Due to the data forwarding (NAT) and physical address allocation (DHCP) features which are normally enabled (by default) on most manufacturer's routers, it is a bad idea to implement multiple routers in a homeowners network. If you try to use multiple routers with NAT and DHCP features, your installers will need to have a much more detailed knowledge of TCP/IP, time on site for installation will be increased, and potential for call-backs are greater if and when the customer inadvertently changes the router settings. Since upgrading is common as features become available or change, a router reverting back to default settings when a customer upgrades the router's firmware can cause a call-back to the job site. This worst case scenario is likely to happen but it is easily avoidable. Use switches to expand a router and potential conflicts will be avoided down the road.
To summarize, the simple solution is to determine if the customer is using an ISP without running any servers. In this case, the installation will be easy, and the customer can be sold a router. If the customer needs more ports than are available on a single router, use switches to expand the router. For example, you should recommend a homeowner with 22 network devices use a single, 4-port router, and three, 8-port switches to make the installation easier, provide faster network performance and increased reliability.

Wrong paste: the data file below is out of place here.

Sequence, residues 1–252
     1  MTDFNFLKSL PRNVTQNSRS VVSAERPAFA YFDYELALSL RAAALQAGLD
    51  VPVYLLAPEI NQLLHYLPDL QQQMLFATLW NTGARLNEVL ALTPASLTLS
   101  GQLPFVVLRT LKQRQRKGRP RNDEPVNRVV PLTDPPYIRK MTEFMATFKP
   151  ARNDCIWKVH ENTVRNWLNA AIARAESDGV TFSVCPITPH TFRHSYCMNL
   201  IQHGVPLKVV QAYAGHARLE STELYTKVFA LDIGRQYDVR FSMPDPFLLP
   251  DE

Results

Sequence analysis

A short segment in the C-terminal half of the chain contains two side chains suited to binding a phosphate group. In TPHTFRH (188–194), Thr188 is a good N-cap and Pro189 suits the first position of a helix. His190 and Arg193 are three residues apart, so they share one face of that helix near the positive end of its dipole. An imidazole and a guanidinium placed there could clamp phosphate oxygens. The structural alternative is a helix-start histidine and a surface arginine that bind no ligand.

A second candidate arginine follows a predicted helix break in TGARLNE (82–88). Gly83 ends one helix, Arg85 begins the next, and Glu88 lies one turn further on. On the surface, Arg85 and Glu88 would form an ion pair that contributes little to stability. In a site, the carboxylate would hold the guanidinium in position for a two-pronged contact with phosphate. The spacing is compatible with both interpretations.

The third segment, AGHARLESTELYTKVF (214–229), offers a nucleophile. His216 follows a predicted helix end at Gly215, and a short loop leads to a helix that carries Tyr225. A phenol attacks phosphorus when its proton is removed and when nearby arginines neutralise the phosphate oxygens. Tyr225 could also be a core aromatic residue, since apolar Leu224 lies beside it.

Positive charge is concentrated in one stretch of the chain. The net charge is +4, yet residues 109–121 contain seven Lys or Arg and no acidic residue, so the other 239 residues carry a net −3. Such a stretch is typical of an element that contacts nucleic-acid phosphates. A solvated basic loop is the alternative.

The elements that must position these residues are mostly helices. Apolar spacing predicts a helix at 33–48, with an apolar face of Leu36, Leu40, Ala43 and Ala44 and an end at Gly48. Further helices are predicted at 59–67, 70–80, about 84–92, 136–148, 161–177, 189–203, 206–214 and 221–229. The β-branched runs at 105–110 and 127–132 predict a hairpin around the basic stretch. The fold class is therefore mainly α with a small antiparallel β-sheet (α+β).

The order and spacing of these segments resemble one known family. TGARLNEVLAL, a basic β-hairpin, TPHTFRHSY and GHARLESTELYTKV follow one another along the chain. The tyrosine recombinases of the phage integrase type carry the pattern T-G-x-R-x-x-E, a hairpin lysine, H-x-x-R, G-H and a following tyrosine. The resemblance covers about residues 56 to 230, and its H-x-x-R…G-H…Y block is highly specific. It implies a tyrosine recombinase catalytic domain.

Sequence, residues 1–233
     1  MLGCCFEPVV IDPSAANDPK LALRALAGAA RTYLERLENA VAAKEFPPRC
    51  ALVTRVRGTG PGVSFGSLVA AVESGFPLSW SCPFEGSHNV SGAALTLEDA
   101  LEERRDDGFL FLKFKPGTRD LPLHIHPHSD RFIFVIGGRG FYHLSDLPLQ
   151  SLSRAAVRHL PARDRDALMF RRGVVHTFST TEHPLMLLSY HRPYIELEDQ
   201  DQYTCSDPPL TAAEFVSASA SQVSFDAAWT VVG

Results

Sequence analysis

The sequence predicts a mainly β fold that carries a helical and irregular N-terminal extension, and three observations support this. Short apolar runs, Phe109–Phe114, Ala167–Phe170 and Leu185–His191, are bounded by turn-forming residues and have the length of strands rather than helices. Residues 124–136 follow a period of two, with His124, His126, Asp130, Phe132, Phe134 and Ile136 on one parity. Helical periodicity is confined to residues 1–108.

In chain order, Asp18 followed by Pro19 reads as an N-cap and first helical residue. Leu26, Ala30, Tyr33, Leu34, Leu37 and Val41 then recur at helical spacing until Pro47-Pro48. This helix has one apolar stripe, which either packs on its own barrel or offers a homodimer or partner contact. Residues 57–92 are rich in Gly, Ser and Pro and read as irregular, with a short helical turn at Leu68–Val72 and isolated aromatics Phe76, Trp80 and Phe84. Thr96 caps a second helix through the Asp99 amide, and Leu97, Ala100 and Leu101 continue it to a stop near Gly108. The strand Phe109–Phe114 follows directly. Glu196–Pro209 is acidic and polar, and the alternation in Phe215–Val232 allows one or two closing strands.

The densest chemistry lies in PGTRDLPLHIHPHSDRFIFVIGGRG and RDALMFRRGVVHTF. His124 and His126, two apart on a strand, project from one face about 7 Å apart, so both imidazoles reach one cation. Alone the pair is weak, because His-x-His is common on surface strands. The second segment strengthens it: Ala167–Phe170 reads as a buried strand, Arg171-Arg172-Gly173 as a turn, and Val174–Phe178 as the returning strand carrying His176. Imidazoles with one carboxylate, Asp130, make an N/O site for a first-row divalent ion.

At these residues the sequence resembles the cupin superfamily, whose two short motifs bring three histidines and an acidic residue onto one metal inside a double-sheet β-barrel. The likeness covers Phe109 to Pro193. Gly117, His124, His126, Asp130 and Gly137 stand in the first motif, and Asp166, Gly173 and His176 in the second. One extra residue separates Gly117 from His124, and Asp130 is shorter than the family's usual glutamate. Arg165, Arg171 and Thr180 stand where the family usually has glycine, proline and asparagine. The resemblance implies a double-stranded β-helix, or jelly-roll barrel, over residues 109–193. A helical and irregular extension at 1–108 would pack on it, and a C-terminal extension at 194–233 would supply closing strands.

A small percentage of your customers will be very network savvy and operate their own servers and/or using multiple IP addresses from their ISP. These customers are less likely to ask for advice, but if they do, switches are very likely to be their solution. For this type of customer, get a detailed description of the network devices they will be using and how they will be used, such as "FTP Server", "DHCP Server", and then call our Technical Support group for specific installation advice. By following these guidelines, your installers will appear to be network gurus and the customer will be impressed when their specific, custom installations get the appropriate time and effort put into ensuring their data network is a success.